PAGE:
This is a very common material which in essence is exactly like long straw. During the harvesting process, it is initially cut by a binder in the field, leaving small tied bundles of reed on the floor which farm workers have to pick up and ‘stook’ in triangle like structures so that the reed can be naturally air dried where it stands.
The straw is cut in the last week of July and traditionally left for 3 church bells (i.e. 3 weeks). When completely dry it is collected and stored in large barns to further cure.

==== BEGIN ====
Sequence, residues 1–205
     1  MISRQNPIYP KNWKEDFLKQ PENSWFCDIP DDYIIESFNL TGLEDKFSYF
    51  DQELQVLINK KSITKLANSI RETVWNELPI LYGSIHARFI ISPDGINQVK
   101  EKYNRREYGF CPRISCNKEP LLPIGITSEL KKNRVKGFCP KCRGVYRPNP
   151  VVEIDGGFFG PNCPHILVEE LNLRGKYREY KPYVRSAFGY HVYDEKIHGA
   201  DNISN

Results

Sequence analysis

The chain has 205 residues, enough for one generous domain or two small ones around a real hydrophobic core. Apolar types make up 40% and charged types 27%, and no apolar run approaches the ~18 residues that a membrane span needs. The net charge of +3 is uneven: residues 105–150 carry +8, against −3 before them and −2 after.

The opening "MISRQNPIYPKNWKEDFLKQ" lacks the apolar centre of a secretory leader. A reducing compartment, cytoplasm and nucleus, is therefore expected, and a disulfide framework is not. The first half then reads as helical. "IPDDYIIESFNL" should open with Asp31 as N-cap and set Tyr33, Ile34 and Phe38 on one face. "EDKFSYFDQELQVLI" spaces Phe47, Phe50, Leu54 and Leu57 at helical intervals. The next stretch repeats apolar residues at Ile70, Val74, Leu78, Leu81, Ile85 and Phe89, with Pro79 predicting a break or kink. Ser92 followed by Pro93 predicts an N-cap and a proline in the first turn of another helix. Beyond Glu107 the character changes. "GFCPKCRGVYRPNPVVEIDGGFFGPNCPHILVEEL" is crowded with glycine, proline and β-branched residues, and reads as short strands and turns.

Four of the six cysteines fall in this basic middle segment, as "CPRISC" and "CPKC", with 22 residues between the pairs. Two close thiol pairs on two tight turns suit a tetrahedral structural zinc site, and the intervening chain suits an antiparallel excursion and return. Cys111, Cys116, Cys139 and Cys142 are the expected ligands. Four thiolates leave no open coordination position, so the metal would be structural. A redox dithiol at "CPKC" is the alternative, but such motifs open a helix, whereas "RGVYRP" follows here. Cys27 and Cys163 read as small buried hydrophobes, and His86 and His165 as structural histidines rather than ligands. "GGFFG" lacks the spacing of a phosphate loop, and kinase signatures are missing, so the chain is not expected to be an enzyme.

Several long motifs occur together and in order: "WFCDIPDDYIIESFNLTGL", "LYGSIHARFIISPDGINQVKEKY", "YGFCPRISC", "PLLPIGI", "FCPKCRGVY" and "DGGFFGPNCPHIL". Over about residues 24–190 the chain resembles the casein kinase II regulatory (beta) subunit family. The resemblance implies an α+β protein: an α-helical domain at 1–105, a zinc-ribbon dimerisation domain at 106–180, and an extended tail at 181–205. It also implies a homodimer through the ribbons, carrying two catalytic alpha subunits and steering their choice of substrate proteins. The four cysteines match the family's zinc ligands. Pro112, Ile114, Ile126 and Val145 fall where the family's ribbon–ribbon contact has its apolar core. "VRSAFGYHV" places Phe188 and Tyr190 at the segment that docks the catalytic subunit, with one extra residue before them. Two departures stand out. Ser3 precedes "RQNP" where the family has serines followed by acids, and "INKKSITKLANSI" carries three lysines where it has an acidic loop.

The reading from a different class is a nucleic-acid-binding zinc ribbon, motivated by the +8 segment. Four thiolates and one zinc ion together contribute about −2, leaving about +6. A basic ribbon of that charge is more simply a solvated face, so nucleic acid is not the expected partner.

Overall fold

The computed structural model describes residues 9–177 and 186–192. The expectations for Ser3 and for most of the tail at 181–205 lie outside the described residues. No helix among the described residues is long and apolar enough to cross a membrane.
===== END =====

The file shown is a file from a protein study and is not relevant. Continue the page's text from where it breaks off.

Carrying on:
At some point over the next few months, all the bundles are put through a thrashing drum which works like the original combine harvester: the main difference being a combine harvester will do the whole harvesting process in one, whereas a thrashing drum will be static in the yard and the farmers will bring the bundles of reed to it. This process involves feeding by hand the bundles of reed into the thrashing drum which then separates the corn, the chafe and the thatching reed, and is then tied in approximately 14 pound bundles ready to be used by thatchers. The whole process is extremely labour intensive but this is the only effective process available to obtain good quality thatching reed.